Technical divers may face lengthy decompression obligations. A technical team needs to maintain adequate gas reserves to get two divers safely to the surface from the deepest point of the dive. In the event one diver experiences a catastrophic loss of gas, they must be able to ascend at the exact same speed while sharing gas in a horizontal position and hold their decompression stops without the use of a line. In a worst case scenario, they need to be able to maintain precise control while managing multiple failures simultaneously. Both common and uncommon equipment failures must be handled with skill, speed, and precision on the move. This is what we begin training for during our introduction to technical diving training and we progressively build more complex scenarios and greater demand for proficiency as the depths and bottom times increase.
(GoPro selfie at Dutch Springs.)
Technical diving has traditionally been defined as:
1. Diving below the maximum recommended sport diving limit of 130 feet.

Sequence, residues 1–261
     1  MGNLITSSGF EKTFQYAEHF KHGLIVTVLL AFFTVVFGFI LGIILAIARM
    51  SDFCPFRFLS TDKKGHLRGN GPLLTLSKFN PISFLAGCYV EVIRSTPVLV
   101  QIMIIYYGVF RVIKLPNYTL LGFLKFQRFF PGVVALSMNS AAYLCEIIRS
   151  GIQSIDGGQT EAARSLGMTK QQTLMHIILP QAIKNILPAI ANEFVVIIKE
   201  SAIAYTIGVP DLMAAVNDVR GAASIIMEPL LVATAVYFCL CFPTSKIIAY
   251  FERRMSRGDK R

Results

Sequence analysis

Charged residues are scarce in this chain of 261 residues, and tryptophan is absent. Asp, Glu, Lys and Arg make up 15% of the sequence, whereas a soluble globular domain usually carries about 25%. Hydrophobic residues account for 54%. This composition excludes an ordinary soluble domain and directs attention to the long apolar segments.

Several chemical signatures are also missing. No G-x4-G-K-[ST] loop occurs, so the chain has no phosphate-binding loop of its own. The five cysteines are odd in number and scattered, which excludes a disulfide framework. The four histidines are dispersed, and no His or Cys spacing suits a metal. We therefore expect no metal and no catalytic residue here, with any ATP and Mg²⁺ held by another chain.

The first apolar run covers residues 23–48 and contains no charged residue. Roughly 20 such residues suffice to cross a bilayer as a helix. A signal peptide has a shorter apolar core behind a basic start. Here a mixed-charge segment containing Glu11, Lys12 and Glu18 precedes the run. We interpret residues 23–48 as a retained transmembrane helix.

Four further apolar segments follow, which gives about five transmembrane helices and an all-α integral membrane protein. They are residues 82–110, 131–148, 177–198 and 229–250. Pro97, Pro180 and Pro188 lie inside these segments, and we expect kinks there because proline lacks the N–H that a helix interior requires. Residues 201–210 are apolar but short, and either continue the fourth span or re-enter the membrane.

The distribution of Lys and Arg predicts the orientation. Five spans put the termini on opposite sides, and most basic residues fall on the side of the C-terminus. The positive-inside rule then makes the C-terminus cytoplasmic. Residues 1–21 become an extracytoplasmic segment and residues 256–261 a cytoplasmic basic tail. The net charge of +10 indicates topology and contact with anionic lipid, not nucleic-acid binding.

2. The use of gas mixtures other than air such as nitrox or trimix.
3. Dives involving mandatory stage decompression stops, especially those involving the use of gas switches to accelerate decompression.
4. Cave or wreck penetration.
5. The use of advanced equipment such as stage bottles, decompression bottles, and rebreathers.
PSAI was the very first technical training agency in the USA established in Florida in 1962. Deep diving expertise in wreck and cave diving is the cornerstone of the organization. It is our recommendation that recreational sport divers cap their dives at 90 feet and seek proper instruction in extended range air, nitrox, and trimix diving beginning at 100 feet due to the need for correct gas management and gas sharing skills.
Technical Training Sites:
Critical Skills (10 - 100 feet of water)